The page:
Some might consider narcissists as having strong and confident self-images, which is generally thought to be a favorable characteristic of effective leaders.
However, narcissism is more than a positive self-image, said Timothy Judge, an industrial organizational psychologist at the University of Florida. “It goes beyond positive to grandiose.”
“Narcissists are intensely competitive, self-centered, exploitive and exhibitionistic. They tend to surround themselves with supplicants they see as inferior.
“When they are challenged or perceive competition, they often derogate and undermine anyone, even those closest to them, they perceive as threats (and unfortunately, they are vigilant in scanning for threats),” he explained.
However, he pointed out that “while most narcissists probably have a positive self-concept, most of those with a positive self-concept are not narcissists.”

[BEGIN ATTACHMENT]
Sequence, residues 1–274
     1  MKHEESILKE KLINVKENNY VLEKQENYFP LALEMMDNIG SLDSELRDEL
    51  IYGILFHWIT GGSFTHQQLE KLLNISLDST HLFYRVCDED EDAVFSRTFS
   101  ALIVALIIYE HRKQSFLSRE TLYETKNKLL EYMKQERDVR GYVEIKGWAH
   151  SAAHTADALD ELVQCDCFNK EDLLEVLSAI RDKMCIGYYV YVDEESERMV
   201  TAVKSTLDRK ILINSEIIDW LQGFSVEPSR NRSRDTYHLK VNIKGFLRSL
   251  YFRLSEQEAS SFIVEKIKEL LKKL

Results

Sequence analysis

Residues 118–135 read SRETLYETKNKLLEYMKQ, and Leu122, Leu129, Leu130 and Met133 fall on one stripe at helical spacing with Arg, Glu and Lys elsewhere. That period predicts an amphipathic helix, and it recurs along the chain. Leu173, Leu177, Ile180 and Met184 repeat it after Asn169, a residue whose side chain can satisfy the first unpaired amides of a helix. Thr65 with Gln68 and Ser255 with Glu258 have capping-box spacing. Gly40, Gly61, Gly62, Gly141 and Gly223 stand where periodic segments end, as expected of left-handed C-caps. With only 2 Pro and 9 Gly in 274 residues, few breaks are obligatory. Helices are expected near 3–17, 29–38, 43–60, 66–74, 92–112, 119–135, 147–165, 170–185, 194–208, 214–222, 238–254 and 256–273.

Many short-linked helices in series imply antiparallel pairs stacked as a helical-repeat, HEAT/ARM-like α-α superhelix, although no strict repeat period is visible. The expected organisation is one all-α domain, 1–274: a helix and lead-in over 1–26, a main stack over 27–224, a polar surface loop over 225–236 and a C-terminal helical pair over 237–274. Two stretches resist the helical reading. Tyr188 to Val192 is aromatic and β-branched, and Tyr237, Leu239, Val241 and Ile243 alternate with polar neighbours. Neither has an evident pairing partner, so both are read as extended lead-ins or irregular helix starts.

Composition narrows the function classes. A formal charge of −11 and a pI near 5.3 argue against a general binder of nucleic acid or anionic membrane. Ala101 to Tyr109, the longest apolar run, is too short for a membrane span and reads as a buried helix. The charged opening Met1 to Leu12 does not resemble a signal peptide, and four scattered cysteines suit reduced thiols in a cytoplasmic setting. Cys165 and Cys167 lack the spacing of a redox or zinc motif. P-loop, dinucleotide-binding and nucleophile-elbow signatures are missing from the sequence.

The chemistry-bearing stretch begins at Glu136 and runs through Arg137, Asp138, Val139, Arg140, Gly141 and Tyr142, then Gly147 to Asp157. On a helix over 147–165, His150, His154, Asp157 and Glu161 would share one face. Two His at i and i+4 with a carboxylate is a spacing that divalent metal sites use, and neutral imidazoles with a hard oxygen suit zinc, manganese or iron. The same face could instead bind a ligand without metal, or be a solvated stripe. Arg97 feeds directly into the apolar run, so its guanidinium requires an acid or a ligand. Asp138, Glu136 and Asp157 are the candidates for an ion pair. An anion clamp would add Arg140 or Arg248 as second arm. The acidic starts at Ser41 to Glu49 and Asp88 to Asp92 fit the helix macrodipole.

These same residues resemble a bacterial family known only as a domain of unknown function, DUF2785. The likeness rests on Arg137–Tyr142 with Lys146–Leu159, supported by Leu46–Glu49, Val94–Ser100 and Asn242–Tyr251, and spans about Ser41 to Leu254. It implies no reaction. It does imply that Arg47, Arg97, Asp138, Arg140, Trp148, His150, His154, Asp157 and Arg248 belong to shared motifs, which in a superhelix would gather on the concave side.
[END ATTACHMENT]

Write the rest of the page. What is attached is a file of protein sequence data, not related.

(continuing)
Narcissists are often referred to as charismatic, yet those two traits are not the same.
“A charismatic leader shares some traits of narcissism. Both can attract people and in that sense narcissists are charismatic. But a charismatic leader is not necessarily a narcissist.
“Charismatic leaders are not exploitive; they do not trample others to get what they want. Rather they display empathy toward employees,” Schnure said.
“Gandhi was a charismatic leader and cared deeply about others. Narcissists do not care about others unless they are helping advance their goals,” she said.